Hot Sandwiches like Burgers, Cubans, and cheese-melty Paninis are still the top fave for the kind of food being served most of the time; thank god salads haven’t come to occupy this spot (don’t worry, they’re almost dead last in the polls). There’s nothing like being able to have something warm and soul-satisfying for any meal, and getting it nice and portable from a food truck often means making it into a sandwich. Even in trucks specializing in some completely different offering, one can find the chance to get a burger or other hot sandwich from the grill, theme-fitting or not. Burgers are particularly popular no matter the truck; I myself don’t really like this particular habit, but the fact remains it’s obviously a quite successful and popular strategy, with many people bee-lining to this ‘classic americana’ item.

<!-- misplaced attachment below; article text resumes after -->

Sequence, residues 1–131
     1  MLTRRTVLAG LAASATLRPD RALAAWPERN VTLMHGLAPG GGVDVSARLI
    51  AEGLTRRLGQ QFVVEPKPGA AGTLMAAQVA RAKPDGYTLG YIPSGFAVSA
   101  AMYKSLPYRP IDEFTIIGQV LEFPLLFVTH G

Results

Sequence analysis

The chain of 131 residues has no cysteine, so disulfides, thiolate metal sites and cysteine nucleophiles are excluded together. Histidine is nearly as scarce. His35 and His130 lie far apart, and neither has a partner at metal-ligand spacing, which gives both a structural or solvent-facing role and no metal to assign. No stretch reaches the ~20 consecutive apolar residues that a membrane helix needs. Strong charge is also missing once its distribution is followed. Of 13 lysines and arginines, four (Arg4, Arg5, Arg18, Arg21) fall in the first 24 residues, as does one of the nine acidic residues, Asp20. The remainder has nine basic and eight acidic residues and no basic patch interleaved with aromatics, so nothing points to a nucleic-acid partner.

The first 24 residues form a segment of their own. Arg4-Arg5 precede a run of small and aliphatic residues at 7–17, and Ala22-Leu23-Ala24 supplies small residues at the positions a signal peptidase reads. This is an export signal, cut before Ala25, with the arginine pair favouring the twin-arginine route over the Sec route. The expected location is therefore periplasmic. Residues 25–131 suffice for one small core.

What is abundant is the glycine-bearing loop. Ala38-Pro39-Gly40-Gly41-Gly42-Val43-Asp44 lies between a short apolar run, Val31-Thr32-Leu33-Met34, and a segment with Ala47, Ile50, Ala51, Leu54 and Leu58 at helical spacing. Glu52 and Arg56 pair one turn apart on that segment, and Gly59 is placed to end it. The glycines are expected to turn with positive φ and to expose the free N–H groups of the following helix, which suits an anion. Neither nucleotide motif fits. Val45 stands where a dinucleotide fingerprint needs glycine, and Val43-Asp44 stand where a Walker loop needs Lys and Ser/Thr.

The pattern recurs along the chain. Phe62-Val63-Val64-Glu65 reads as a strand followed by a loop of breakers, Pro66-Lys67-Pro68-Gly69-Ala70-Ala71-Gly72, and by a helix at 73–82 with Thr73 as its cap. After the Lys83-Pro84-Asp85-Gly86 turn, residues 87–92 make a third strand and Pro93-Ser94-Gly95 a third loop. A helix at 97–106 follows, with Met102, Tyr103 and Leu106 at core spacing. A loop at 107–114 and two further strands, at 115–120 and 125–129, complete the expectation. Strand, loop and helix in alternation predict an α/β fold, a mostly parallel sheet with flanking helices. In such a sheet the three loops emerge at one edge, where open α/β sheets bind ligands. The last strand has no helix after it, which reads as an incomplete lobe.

Mexican Coke

Really, the new knowledge and understanding that coke from a glass bottle, made in Mexico, is simply BETTER than the one here has reached such an audience that almost every truck has it as a beverage option nowadays. Let’s just hope the rumors of them switching to high-fructose-corn-syrup aren’t true, or take as long as possible to come to fruition. This also counts towards other specialty sodas that different trucks seek out to compliment their menu style.

Specialty Coffee Trucks and Carts

Wfte can’t deny that coffee culture hasn’t become a big thing for who knows how long, only growing as even more local shops pop up featuring quality roasted, sustainably sourced beans. It’s even started to move to the streets, with various carts and trucks set up expressly to sling the espresso and jo, sometimes alongside sandwiches and other sides. Even trucks focused on completely separate cuisines will at times feature the locally popular quality coffee for purchase. It even makes this writer wish he was into coffee as much as others in order to truly appreciate and get into this continuing and growing movement.